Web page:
Moderna CEO Stéphane Bancel said Wednesday that his company's Financial Times.vaccine won't be ready for widespread public distribution until spring of next year, according to a report. The drugmaker also won't seek emergency authorization for the vaccine for frontline medical workers and other at-risk individuals until November 25 at the earliest, he told the
Speaking at a health conference on Wednesday, Bancel said Moderna would not be ready to seek Food and Drug Administration approval for the vaccine for use in the general population until at least late January. If the vaccine is proven to be safe and effective, approval is unlikely until late March or early April.
"I think a late [first quarter], early [second quarter] approval is a reasonable timeline, based on what we know from our vaccine," Bancel said, according to the FT.
A spokesperson for Moderna confirmed Bancel's comment at the conference noting that the company expects to have enough vaccine testing data to apply with the FDA for emergency use authorization by November 25.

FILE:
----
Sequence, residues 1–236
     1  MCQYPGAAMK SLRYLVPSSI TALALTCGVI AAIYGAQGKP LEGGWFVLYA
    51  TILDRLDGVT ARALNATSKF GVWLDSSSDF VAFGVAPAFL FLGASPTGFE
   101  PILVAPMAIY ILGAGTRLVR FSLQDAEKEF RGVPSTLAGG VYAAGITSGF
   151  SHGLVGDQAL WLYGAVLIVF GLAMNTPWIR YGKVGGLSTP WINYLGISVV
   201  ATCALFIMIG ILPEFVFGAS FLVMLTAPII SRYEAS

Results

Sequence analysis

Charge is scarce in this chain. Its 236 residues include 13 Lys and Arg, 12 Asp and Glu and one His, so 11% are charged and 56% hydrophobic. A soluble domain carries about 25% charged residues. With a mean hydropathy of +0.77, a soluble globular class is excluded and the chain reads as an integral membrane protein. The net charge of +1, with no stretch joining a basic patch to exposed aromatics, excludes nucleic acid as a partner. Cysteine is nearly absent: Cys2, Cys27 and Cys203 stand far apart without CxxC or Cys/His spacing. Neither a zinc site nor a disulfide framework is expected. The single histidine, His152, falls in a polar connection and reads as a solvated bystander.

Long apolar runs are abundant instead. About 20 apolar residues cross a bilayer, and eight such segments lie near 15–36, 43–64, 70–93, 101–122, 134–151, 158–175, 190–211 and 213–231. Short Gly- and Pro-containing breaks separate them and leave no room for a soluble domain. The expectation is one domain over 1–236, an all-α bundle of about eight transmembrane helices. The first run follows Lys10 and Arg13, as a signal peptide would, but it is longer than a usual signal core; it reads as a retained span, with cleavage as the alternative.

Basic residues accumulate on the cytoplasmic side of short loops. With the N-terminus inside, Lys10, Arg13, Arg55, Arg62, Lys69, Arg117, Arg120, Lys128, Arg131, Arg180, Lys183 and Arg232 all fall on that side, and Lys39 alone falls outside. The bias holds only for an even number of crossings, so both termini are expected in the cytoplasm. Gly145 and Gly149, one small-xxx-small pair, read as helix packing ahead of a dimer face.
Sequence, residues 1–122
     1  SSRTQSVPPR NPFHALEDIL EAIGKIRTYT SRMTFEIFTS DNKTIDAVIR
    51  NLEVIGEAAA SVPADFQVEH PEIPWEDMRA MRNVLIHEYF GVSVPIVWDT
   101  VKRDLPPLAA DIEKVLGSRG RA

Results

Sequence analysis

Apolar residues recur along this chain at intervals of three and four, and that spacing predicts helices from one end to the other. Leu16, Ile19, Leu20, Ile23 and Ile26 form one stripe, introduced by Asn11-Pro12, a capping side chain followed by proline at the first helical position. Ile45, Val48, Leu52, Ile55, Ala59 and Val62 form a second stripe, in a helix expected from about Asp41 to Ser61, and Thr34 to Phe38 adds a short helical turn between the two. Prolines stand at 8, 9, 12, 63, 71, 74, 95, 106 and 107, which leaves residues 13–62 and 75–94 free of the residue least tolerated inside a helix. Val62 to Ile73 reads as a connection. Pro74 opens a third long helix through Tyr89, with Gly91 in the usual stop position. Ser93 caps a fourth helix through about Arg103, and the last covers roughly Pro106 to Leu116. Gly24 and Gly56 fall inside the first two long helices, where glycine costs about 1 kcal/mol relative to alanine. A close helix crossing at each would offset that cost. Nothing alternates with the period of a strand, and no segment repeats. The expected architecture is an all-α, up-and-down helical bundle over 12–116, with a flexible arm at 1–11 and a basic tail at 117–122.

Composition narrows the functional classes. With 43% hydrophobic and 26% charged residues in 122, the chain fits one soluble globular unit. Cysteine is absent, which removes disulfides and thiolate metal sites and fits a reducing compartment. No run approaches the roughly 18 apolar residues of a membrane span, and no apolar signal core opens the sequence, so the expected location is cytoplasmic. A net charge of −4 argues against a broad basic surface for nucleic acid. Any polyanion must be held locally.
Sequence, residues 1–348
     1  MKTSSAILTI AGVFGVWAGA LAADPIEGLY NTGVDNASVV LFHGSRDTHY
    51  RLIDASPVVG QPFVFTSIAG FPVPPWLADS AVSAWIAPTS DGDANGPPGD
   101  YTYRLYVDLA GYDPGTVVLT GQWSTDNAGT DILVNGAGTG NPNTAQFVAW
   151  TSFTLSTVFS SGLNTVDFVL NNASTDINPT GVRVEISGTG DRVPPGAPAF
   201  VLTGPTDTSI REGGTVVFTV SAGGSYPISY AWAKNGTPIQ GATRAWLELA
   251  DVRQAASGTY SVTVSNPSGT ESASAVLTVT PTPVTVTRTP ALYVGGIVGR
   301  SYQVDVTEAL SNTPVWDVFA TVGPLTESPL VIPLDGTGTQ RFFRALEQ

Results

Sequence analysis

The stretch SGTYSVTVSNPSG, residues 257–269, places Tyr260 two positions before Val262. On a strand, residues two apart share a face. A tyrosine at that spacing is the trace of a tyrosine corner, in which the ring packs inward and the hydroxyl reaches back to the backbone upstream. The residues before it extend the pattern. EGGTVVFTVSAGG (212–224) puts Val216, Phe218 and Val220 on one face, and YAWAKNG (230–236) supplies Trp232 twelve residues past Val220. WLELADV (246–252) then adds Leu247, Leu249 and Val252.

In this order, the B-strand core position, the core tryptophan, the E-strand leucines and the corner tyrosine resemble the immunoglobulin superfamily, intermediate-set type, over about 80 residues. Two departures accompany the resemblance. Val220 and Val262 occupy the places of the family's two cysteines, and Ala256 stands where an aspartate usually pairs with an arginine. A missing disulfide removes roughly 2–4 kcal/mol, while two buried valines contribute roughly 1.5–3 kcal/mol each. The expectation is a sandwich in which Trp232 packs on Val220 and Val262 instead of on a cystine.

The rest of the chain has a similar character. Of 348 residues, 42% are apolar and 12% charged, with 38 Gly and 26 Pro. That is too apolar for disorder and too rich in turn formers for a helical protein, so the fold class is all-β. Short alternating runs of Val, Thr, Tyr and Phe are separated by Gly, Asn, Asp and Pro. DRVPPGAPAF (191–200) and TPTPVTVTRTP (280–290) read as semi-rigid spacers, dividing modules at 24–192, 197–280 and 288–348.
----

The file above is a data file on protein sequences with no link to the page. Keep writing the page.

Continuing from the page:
The timeline is a setback for Moderna, which saidthat it could seek emergency authorization for a vaccine as soon as November 1. It also deals a blow to claims by President Donald Trump, which he repeated on Tuesday in his debate with Joe Biden, that a vaccine could be ready in a matter of weeks, or before the November 3 presidential election.
"We're weeks away from a vaccine," Mr. Trump said on Tuesday night during the first presidential debate with Biden. Mr. Trump's statement was in response to a question from moderator Chris Wallace about why he disagrees with a prediction by the head of the U.S. Centers for Disease Control and Prevention that a vaccine won't be ready until next summer.
"I've spoken to Pfizer, I've spoken to all of the people that you have to speak to — Moderna, Johnson & Johnson and others. They can go faster than that by a lot," Mr. Trump said.
Moderna shares slumped $4 to just over $70 a share on the news of its revised timeline. Moderna did not respond to a request for comment.
Seven potential coronavirus vaccines are now undergoing late-stage testing, though more than 170 potential treatments are under development. About a third of vaccine candidates typically make it through all three phases of testing, according to Deutsche Bank analysts.